If you are the type of person interested in being a better friend, spouse, parent, or leader, you need to learn what motivates other people to behave the way they do. Often this is called empathy, and it is one of the most challenging skills to master. The unfortunate truth is that if you can’t feel a specific emotion, it will be difficult to put yourself in another person's shoes.

Many people experience intense emotions due to questions of self-worth. It might be hard to understand why other people question their self-worth or how that impacts their emotions and behaviors. But if you are interested in understanding the intent behind other people’s actions, you will need to understand how their emotional logic works. If you are lucky, you will be able to experience the emotions as well, even if you haven’t felt them in a while. To explore these emotions, we will have to define self-worth and understand its role in behavior.

Self-worth is not an abstract idea. It is literally defined as what a person thinks they are worth and why. We live in a transactional society. The transaction we are concerned with is what behavior, action, or appearance will cause people or institutions to reward others with love, attention, or acceptance. In a way, we set a value on behavior by providing acceptance or attention when other people do what we want. In essence, behavior has a specific value, and the transaction is trading behavior for attention or acceptance.

Many people ascribe certain behaviors, actions, traits, or appearances with a level of worth. They strive to exhibit actions that they think are the most valuable. Internally, they judge themselves against a scorecard that was created to determine how valuable they are. They are then motivated to change themselves to match the score they are striving for. Deep down, they believe that by scoring high, exhibiting specific behavior, they will get what they, and all of us, deeply desire, which is love, acceptance, or attention.

This scorecard also determines the types of behaviors some people are not willing to exhibit. Some behaviors are risky. By risk, we mean certain kinds of behaviors that can reduce the score on the internal scorecard. If the conduct or action could reduce the score, people will do their best to prohibit that behavior.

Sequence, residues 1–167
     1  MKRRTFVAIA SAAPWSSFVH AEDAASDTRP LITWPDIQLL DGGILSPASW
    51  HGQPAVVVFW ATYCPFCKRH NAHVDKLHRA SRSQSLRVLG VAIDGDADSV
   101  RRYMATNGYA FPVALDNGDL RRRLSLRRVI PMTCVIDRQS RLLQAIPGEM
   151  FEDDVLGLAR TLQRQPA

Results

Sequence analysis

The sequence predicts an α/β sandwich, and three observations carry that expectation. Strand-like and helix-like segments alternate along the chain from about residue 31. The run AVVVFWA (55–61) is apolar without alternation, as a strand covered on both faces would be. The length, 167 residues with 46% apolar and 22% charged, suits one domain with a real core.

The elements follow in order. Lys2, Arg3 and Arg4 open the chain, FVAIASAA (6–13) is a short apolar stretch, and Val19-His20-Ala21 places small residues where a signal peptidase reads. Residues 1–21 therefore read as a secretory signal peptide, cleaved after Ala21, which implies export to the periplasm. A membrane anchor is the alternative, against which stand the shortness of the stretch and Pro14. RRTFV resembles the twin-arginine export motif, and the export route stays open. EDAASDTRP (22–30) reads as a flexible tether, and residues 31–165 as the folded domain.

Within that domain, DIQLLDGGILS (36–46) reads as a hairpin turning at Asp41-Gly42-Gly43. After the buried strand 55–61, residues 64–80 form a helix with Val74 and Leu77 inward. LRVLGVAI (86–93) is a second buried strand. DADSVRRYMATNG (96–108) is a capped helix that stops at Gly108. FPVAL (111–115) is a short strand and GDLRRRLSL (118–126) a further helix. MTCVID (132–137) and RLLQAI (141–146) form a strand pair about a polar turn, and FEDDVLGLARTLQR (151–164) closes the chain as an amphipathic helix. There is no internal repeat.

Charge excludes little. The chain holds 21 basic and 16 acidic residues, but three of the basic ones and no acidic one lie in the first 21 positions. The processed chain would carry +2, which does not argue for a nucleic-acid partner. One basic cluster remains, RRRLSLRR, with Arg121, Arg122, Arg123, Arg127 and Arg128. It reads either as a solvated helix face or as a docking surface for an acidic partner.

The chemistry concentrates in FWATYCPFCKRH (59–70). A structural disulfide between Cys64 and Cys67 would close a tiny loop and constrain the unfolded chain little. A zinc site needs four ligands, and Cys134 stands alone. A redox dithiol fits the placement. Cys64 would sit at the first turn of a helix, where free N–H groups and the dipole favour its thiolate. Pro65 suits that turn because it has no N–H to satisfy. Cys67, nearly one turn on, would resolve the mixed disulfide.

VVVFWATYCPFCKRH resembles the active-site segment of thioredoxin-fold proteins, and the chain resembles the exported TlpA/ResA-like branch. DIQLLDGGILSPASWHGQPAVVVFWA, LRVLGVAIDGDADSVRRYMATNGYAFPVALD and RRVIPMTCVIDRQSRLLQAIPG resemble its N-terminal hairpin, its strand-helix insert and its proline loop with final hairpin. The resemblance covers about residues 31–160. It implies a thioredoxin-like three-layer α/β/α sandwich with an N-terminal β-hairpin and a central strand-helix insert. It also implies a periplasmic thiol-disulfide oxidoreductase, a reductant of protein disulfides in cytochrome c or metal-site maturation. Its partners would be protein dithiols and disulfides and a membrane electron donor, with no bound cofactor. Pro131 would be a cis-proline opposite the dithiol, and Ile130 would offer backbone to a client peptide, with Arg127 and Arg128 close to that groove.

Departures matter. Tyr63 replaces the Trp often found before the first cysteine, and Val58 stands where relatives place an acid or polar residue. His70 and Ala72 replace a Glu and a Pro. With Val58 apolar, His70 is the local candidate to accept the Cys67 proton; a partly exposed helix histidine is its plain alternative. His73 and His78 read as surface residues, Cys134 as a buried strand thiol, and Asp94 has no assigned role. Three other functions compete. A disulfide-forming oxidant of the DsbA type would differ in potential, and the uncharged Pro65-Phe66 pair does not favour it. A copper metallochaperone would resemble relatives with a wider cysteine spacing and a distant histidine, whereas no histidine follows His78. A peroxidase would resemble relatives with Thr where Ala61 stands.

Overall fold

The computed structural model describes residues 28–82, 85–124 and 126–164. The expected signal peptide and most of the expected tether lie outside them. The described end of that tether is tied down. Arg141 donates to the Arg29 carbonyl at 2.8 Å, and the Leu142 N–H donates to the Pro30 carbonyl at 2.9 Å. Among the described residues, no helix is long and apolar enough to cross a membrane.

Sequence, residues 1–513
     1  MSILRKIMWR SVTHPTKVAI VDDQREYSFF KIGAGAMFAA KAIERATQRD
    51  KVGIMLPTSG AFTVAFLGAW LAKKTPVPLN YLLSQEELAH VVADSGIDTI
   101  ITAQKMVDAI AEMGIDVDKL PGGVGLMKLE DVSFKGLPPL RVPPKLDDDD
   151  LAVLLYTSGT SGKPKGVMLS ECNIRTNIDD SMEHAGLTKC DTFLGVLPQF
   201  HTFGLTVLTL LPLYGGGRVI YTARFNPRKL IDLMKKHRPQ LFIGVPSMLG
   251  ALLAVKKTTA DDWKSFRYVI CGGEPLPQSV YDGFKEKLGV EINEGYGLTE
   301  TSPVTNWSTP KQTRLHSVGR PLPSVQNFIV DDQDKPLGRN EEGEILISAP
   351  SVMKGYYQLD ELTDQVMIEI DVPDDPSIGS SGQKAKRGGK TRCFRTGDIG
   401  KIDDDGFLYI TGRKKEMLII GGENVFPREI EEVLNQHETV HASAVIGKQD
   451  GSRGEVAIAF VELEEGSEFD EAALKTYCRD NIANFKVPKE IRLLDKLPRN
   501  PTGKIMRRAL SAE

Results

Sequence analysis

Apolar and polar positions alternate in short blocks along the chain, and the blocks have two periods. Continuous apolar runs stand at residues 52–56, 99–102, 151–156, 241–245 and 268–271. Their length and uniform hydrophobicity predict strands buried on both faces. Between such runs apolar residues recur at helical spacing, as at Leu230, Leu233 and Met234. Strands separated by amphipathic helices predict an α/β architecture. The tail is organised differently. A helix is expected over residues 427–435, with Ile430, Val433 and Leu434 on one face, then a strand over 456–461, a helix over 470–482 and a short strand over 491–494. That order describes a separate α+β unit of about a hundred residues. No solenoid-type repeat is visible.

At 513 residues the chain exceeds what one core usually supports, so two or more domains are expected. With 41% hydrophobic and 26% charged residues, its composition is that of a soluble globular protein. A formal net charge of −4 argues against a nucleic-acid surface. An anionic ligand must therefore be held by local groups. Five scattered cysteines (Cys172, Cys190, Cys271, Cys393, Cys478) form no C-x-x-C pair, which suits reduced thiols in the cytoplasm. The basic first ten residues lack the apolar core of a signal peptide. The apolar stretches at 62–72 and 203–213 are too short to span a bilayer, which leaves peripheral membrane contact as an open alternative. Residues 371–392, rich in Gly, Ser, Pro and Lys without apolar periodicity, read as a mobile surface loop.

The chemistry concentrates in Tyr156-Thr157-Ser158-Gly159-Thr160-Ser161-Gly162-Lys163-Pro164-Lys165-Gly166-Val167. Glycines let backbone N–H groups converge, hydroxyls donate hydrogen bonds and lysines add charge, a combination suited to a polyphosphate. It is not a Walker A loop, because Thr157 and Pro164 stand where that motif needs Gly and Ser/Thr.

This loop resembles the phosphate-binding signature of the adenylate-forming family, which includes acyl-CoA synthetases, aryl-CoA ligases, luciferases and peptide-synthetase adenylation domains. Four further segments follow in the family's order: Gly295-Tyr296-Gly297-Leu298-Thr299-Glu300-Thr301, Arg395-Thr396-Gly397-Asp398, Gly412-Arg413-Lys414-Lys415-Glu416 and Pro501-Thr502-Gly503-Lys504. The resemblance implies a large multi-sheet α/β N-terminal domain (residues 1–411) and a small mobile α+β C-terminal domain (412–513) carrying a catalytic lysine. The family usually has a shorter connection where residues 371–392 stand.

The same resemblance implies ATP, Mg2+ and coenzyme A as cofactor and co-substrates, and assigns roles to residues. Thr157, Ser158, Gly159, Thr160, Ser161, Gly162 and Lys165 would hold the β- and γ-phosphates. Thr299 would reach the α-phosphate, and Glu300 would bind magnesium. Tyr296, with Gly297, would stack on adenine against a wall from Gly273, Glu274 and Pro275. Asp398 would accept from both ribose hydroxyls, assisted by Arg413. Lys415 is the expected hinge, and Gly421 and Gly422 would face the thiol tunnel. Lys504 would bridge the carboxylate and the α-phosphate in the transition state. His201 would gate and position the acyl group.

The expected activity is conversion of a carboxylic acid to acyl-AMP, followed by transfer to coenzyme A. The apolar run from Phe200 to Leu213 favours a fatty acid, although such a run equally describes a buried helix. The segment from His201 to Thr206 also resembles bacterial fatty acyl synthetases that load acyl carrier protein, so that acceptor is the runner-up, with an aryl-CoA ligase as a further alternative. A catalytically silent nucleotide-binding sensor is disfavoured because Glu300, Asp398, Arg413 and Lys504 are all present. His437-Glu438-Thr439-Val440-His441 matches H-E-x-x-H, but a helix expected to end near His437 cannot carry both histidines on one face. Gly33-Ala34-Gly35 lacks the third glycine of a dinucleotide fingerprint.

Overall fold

The perception of self-worth will impact behavior. Most people are not conscious of this process, and as a result, have little control over their lives. Think this isn’t you, ask yourself why you are doing something. Do you really want to be doing whatever it is you are doing, or are you doing it because you feel that you are expected to be doing it? This is the tell-tale sign that the unconscious pull of self-worth is impacting your behavior.

It is important to understand the role emotions play in determining behavior and how the concept of worth impacts emotions. Think back to the scorecard of self-worth; whenever there is a risk of losing or gaining points, emotions rise. For now, we can define emotions as physical sensations and thoughts happening concurrently. The pressure or intensity of those emotions motivates people to take action. If someone hasn't developed a significant amount of self-awareness, the emotional reaction will force actions in accordance with how they perceive worth.

Why do emotions insulate people from damage to self-worth? Emotions are part of the neurological response that is helping us to survive. At the heart of the emotional reaction to self-worth are needs. Needs are complicated and contested. We know that needs have an impact on our biology, mental health, and development. When those needs aren’t met, we experience certain types of dysfunctions. The most dramatic example is babies that don’t survive because they weren’t held.  

To visualize another example of needs, imagine surviving in our society without being accepted; life would be difficult. For example, how could we earn a living if our job didn’t accept us? Consequently, our emotions are part of a neurological system that activates to motivate us to behave in ways that serve our self-interest by fulfilling our needs.

The irony is that our needs can only be genuinely met when we are accepted and loved on our terms. This requires people to overcome their emotions and to choose how they will behave consciously. It also requires a great degree of courage because people have to risk being rejected.

The transaction of behavioral worth for acceptance erodes real self-worth and leads to self-hatred. To be accepted by behaving in ways that other people have determined is worthy takes a significant amount of effort. Think about it like this, how would someone feel about themselves if they felt they needed to change or act like someone else to be accepted. The conclusion would be that something must be wrong with them, or else why would they need to change to complete the transaction?

Given the impact that self-worth has on self-acceptance and love, it is easy to see why some people behave the way they do. We need to remain mindful and ask ourselves why a person is exhibiting their behavior. We need to ask ourselves whether this person is asking for our acceptance or reacting to being rejected. By keeping this awareness at the forefront of our minds, we will continue to develop empathy by understanding the mechanics of other people’s emotional logic.